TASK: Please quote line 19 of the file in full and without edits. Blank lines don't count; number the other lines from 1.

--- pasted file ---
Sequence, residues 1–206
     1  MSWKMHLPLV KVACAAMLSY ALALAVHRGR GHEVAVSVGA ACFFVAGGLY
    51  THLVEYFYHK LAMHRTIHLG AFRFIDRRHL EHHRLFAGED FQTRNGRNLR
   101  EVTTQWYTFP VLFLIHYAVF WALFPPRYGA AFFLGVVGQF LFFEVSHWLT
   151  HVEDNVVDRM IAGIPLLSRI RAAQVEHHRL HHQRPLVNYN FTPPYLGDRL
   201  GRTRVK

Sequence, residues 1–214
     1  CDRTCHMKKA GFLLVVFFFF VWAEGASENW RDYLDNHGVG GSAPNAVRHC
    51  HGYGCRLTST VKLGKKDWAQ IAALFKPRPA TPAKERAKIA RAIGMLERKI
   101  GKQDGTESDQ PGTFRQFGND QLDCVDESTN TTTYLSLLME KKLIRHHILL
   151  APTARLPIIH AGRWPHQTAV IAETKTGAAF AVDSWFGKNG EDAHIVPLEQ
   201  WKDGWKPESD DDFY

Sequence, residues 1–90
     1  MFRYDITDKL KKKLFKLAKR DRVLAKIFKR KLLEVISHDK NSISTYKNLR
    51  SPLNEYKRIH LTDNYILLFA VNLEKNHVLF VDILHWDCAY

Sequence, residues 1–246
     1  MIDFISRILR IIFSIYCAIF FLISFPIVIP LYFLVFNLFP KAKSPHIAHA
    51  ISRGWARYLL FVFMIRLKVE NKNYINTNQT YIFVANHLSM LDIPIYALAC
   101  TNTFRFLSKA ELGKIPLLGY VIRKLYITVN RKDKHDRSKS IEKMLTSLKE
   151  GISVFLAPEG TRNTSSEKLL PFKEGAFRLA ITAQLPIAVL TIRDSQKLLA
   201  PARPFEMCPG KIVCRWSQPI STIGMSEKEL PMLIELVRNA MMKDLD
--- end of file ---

   101  TNTFRFLSKA ELGKIPLLGY VIRKLYITVN RKDKHDRSKS IEKMLTSLKE